I was driving back to Vegas from the Grand Canyon last night and I had a little moment where I wondered, "Where are my battleships?" I felt as if I was driving home, as I sped through that inky darkness. I had somehow not packed my stuff from Eve Vegas. I got over it and was laughed at but my little moment of panic was amusing. After all, my battleships are my stuff and I will soon be returning back to the game and my stuff there.
I have a list of topics to (maybe) write about now that things are back to normal. As I skimmed the edges of crowds and talked to people or just ease dropped on conversations I saw a lot of fascinating interaction. I met a lot of different in game cultures. Some that I cannot understand. I was also presented with the complex and unanswered question of "What is a pirate?" and "What is low sec."
It is easy for me, and I often do, fall into the comfortable mold that Eve is what you make on it. Each person will play the same game and receive a different experience based upon their choices and actions. In that, Eve succeeds where every RPG single person game fails because other humans are endless in their decision making. If one were to step back and look at the crowd that attends the convention as a whole the rich, thick layers of vicious interaction that actually tie us together are invisible. Invisible to the eye only.
"Who are you?" If you are a member of one of the larger groups this answer is easy. On its back it carries a heavy history that fills in the blanks. But if you are like me, a member of a small group in a system one step off the path, there is a lot of, "Who?" going on. I can say that I am a member of Calamitous-Intent and that I was formally of The humbleless Crew. None of these things mean much to people but if I said, "I am a low sec pirate," the lights go on. I gain a history and a depth and texture by defining myself by how I am understood in the game.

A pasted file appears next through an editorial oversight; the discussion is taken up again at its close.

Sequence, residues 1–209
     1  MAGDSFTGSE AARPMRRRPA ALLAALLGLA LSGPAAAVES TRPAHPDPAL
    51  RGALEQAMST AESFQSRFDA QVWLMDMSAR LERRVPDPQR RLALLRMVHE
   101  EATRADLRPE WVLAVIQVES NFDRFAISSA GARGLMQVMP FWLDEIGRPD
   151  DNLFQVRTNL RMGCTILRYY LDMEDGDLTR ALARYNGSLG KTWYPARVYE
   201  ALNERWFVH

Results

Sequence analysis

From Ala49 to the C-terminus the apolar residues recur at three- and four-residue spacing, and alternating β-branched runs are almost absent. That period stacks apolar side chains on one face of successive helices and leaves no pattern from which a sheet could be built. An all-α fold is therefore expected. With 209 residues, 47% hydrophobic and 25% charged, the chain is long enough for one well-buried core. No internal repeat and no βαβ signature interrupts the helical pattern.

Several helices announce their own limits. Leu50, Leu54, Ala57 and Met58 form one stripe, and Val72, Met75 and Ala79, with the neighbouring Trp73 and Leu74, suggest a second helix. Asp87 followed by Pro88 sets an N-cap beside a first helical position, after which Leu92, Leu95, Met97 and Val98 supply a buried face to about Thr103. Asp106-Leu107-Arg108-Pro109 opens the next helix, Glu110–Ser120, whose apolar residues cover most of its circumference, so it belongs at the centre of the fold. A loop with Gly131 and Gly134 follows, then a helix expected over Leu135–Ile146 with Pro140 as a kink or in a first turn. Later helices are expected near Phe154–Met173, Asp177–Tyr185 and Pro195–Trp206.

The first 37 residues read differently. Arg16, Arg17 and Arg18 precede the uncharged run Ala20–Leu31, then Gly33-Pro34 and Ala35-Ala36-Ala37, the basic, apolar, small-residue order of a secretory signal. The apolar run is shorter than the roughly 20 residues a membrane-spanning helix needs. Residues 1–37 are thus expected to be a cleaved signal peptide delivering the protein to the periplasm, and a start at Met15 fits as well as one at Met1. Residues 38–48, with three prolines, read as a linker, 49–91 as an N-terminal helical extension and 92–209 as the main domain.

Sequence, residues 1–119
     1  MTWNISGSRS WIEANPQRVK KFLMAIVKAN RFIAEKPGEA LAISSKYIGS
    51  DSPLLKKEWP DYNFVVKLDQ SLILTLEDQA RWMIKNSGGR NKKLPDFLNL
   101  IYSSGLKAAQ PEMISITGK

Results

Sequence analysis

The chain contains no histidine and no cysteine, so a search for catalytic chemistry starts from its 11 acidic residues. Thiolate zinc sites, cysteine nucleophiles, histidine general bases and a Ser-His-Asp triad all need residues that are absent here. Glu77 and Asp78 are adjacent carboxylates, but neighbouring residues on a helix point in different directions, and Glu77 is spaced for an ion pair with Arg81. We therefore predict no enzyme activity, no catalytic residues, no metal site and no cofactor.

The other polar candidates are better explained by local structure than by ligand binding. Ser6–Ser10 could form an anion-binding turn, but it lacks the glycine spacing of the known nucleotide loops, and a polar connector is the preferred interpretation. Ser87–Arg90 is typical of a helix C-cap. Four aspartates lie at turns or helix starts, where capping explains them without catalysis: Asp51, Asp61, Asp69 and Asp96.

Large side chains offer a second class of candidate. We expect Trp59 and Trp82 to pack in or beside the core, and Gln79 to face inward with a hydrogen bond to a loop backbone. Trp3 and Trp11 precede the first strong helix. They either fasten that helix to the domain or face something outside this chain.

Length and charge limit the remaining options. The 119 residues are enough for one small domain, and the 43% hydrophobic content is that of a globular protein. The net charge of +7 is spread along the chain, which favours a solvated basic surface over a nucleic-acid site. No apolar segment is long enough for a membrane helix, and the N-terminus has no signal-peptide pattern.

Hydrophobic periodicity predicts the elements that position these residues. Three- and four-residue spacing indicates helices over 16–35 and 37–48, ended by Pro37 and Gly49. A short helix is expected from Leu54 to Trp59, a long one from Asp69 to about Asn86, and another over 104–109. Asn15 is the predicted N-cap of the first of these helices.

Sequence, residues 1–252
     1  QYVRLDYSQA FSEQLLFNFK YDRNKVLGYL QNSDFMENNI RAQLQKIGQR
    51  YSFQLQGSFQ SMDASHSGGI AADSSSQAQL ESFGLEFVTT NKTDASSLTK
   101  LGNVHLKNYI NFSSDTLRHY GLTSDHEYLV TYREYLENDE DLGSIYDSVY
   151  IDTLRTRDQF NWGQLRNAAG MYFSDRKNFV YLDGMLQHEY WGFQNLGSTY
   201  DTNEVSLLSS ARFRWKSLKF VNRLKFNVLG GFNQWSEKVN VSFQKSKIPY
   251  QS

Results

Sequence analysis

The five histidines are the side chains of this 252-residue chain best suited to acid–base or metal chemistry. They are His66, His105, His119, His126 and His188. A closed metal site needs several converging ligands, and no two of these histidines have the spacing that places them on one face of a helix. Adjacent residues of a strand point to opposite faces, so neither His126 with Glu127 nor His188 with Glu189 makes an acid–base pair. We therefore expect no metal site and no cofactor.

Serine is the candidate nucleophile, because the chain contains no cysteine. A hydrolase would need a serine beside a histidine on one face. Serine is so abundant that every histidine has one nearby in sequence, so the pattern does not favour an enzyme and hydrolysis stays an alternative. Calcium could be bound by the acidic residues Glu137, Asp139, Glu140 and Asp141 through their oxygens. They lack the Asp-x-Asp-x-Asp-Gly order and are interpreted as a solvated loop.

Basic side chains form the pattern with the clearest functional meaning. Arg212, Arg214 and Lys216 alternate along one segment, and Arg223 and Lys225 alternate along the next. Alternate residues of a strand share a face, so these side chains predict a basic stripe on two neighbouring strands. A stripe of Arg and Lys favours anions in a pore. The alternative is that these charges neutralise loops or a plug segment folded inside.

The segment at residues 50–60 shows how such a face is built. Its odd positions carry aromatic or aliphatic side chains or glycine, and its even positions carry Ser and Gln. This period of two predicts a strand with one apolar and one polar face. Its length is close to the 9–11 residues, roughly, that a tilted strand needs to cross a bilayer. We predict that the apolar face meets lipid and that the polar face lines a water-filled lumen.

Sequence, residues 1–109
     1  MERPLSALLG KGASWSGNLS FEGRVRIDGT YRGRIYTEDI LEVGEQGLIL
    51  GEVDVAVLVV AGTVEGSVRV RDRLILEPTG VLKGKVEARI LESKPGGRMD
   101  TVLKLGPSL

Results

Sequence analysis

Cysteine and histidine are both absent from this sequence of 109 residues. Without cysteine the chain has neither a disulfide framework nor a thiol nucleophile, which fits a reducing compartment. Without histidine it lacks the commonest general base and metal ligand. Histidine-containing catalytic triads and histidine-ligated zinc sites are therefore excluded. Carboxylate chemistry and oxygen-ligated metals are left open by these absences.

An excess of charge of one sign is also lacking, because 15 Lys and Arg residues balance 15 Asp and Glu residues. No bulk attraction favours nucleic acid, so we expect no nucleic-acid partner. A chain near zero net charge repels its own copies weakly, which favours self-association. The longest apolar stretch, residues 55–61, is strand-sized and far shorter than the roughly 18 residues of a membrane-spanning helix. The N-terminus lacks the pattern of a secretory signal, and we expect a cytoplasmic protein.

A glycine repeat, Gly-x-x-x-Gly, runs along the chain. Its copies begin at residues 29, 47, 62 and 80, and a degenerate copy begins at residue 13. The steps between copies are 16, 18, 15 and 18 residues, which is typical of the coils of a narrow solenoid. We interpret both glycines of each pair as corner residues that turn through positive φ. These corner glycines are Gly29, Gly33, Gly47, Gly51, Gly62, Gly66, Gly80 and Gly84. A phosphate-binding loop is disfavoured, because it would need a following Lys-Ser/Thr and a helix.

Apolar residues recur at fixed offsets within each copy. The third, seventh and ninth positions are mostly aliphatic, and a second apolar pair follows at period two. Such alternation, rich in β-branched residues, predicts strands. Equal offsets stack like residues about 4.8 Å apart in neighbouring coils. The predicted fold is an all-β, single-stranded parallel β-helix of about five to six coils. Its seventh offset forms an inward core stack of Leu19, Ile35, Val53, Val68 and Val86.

But that understanding is incomplete. What is a pirate? For some I learned it is those who hunt in Faction Warfare. "Oh, but I am not that," I explained. "I live in non faction warfare low sec." There is such a thing as non-faction warfare low sec? Their responses say to me. And for those that know of non faction warfare low sec their was another opinion expressed as to 'true' piracy.
Of course none of that fits. The topic is not answered in a yes or no true or false. Are we individuals? Are we our corporation? Alliance? Coalition? Or our tasks that we do? While the answer is some mixture of all of these things the definition goes beyond that.
I am not a true pirate to some. I make ISK. I live comfortably. I have billions in hull in my hangars and billions of ISK in my wallet. I suffer loss but I don't suffer a removal of my game play ability when I suffer loss because I have built up my resources. Some feel that pirates are poor and only fly cheap ships with no income and struggle to make it out into space for the next fight. Others would say that my logistics chains and lowering myself to fly a freighter would disqualify me.
I am a true pirate to others. I live in low sec. I have a negative security status. I shoot things with out a care as to my security loss. I do not have a high maintenance social setup full of politics. In fact, I free wheels through the game, doing as I want when I want making my every action pointless to others. But I live in low sec. I kill in low sec. I pod in low sec. They would call me a pirate.
Of course, DP would say that we are small gang PvP and not pirates. That causes the question, "What does small gang PvP mean?" Is it the high sec warlords who work with duels and war declarations? Is it 3 ships? 7? 20? I often have talks with Vov who I would easily say is a peer, yet we often define the same thing differently due to our different habits in the game. None of the defines are wrong they are after all formed from personal experience. This happened to me. I did this. They are valid ways to define something to the self.
It was an interesting reminder to me that my view is not everyone's. My lifestyle does not seem to be as common as I so casually assume that it is.